He checked the Captain's condition again. Kirk's eyes were shut; there was a flushed look about him, but Ransome couldn't be sure how much of that was due to the heat in the shuttle and how much was due to the effects of his injuries. Then Kirk moaned, and muttered something, and Ransome realised that Kirk was suffering from the effects of his wounds and also probably from shock. But there was nothing he could do.
He went back to the punctured water container to see if by any outside chance a few drops had survived the holing; but he had been right the first time. There was no water left.
He returned to Kirk's side. The Captain was moving restlessly now; Ransome tried to hold him still, pillowing his head on his shoulder, murmuring soothingly to him...
It didn't take long for word to get all round the Enterprise about the loss of the shuttlecraft with Kirk and Ransome. Reynolds heard about it fairly quickly, and was surprised at the feeling of shock the news gave him; greater even than on the day he still hated to be reminded of, when he and Frank had first quarrelled. He felt guilty now. He could have been more generous to his cousin when he apologised... it wasn't as if the original cause of their quarrel had even been all that serious, really - and just what was happening? His informant could give him no news other than that the shuttle was missing...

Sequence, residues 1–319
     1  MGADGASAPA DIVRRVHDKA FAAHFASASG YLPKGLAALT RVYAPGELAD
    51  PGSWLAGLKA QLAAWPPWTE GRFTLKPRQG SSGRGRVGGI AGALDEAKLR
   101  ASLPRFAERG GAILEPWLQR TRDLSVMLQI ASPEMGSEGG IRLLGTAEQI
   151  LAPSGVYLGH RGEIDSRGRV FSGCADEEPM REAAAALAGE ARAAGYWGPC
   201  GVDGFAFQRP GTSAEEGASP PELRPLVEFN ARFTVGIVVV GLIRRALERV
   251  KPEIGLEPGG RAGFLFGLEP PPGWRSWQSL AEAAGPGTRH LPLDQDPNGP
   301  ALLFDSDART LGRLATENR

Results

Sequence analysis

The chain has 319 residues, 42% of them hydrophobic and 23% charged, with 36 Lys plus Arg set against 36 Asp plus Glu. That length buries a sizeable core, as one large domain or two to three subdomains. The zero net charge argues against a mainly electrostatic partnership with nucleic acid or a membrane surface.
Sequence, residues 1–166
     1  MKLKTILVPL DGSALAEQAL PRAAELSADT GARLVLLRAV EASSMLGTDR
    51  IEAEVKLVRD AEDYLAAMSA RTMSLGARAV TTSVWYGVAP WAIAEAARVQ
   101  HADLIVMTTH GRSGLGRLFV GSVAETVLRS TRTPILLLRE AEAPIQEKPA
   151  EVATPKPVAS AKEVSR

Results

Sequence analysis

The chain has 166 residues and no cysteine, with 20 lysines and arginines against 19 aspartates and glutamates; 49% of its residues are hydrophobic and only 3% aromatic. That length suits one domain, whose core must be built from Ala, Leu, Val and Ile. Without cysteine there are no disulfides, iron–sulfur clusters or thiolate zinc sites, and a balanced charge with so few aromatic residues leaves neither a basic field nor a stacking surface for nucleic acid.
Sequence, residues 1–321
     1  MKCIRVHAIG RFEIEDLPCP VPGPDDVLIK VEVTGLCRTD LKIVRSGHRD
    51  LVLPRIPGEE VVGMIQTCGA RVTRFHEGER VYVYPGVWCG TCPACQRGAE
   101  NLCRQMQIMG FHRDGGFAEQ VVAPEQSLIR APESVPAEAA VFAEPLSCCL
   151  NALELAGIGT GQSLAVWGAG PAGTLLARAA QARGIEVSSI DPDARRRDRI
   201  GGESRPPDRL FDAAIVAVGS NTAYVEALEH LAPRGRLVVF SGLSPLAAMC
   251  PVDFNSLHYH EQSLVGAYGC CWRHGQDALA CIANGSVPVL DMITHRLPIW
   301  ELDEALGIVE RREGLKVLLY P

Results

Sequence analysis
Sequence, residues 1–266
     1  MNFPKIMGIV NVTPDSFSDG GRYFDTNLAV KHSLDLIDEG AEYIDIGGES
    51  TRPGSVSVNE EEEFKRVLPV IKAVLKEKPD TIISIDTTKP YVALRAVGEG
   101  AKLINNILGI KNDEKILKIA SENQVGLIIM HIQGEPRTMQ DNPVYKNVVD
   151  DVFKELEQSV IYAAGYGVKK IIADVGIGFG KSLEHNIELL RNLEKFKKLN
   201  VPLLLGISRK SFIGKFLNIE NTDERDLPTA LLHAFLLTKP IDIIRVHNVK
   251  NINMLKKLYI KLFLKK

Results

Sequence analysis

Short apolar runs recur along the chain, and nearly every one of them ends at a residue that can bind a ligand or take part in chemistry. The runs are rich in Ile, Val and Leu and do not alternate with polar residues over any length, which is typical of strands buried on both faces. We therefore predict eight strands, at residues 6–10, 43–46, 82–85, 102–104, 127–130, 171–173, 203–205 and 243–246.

He was currently off duty. He headed for the bridge, a little nervously as he considered his temerity, but he had to get more information...
He found Spock strangely sympathetic - more so than he had ever thought a Vulcan could be - once he had explained the reason for his interest. Spock told him exactly what they had done, what they were doing, and why, and that nothing they had thought of was producing any results.
A faint memory stirred deep in the recesses of Reynolds' mind. A craft buried in quicksand... Where had he heard something like that before? Of course - in that old story!
"Mr. Spock - years ago, I came across an old story... written in the early days when space travel was still experimental. In it, a small ship was buried in sand on the Moon. The searchers found the ship because the heat from it caused the sand above it to move."
Spock stared. at him. "That is worth considering, Mr. Reynolds," he admitted. He glanced at Chekov, still scanning the surface.